The biggest problem with this post is the fact that no one in the photo has their faces blurred– not even the young boy.  In defense of this decision, the City wrote several explanations: “[W]e as a government agency can’t pick and choose what part of a public record we release. These photos and police report are public record,” further noting that “we debated that for many hours and with his face blurred the story is lost. The look on his face is important to drive the message of what this drug does to a child who never has a say. We feel it is appropriate to tell his story.” The City says they are all “well aware that some may be offended by these images and for that we are truly sorry, but it is time that the non drug using public sees what we are now dealing with on a daily basis.” These statements oscillate on the exact reason for not hiding the identity of those pictured, including the child, and are actually contradictory. Brian Allen, the city’s director of public services and safety, later told NBC News, “As a public official I can’t blur public records and this photo is a public record. It’s all or nothing for us. We’re a government agency posting it. It’s not like we can willy-nilly do what we want.”

Piecing together these explanations, it seems they were not allowed to pick which part of the public record to release, including the faces; however, they also mention debating long and hard about blurring the faces, and this was all for the benefit of the “non drug using” public. Honestly, this just does not make sense.  It was flat-out lying for the government to say they “debated [blurring the boy’s face] for hours” when they were not even allowed to do that in the first place, according to Allen. The sister of the woman in the photo, who asked NBC News that her identity be withheld, said, “The city of East Liverpool humiliated my family and humiliated that little boy. They could have blurred his face and they didn’t.”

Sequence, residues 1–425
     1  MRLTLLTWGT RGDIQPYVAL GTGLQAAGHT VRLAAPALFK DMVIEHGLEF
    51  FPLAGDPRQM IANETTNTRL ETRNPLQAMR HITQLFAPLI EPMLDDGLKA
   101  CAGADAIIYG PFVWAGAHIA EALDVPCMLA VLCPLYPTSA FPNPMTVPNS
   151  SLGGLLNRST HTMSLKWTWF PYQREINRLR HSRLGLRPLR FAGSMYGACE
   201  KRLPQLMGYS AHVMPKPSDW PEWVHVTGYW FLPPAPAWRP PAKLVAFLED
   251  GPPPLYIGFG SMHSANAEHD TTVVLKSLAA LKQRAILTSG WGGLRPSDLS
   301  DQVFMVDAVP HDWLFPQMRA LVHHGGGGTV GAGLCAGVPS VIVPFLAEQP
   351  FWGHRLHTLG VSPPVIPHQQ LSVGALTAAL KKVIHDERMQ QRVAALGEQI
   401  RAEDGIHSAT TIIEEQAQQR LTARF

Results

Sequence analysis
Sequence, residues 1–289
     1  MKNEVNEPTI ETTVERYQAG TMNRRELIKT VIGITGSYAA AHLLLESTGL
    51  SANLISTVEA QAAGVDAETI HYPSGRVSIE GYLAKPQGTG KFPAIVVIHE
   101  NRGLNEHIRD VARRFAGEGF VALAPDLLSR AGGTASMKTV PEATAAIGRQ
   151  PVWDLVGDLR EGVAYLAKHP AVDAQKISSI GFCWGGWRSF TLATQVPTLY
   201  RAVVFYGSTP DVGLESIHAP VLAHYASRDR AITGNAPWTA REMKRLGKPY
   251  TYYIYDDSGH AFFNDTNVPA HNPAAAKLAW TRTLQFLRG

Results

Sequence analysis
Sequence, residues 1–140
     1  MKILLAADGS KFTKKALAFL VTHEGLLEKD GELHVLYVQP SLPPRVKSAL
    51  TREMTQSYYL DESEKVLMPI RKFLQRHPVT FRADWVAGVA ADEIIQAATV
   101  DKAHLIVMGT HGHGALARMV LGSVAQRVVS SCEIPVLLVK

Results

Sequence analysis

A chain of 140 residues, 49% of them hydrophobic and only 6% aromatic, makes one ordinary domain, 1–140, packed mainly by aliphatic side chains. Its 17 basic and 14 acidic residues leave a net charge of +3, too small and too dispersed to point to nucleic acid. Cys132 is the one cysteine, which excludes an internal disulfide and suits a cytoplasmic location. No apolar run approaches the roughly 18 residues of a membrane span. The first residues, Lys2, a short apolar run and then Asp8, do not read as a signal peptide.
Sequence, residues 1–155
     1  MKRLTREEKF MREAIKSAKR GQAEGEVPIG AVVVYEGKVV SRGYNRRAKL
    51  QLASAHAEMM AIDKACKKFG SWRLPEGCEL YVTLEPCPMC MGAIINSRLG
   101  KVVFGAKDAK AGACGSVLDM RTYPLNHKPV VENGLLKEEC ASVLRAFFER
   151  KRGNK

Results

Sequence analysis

That testimonial from the boy’s new guardian should be enough.  The boy’s parents were “troubled” and could not take care of him, his grandmother could not take care of him, and we can only hope that he will have a better chance now in his new home.  This photo did not help him in the least– he would have been taken from his grandmother’s custody without the image.  It did not help his grandmother overcome her addiction, and it seems naive and misguided to claim it will stop anyone else from taking heroin or overcoming their own addiction. Brendan O’Connor of Jezebel.com summed up the situation well when he wrote, “Publishing these photographs and these documents, in this way, serves only one purpose: to reinscribe the unfettered disgust that people in positions of power […] have for those who lack it, who see drug addicts in particular not as sick and suffering human beings […] but as animals deserving little more than a vicious kick and to be ignored.”